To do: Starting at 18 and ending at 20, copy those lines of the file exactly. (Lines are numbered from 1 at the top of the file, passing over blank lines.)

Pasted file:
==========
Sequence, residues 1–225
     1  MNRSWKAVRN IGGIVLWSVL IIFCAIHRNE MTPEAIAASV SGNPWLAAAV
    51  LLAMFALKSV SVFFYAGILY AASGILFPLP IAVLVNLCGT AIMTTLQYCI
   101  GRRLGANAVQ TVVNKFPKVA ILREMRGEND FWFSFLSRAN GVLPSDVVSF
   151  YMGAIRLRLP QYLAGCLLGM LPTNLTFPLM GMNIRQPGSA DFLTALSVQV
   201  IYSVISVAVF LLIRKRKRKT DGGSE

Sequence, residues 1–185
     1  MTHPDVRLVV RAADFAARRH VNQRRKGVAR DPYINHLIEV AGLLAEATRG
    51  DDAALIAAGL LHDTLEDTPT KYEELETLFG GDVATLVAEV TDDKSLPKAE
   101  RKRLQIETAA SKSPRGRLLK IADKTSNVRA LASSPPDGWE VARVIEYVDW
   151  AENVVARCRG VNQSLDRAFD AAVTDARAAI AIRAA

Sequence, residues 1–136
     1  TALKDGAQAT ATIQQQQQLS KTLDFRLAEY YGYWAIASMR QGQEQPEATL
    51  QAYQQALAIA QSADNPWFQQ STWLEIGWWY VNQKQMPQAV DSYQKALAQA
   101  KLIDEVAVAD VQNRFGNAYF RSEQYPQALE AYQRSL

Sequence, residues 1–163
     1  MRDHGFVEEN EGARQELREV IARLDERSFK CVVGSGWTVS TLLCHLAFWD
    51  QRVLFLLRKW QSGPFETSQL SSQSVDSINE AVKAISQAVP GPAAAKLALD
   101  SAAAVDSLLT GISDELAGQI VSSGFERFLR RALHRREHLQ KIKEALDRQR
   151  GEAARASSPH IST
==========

    51  QRVLFLLRKW QSGPFETSQL SSQSVDSINE AVKAISQAVP GPAAAKLALD
   101  SAAAVDSLLT GISDELAGQI VSSGFERFLR RALHRREHLQ KIKEALDRQR
   151  GEAARASSPH IST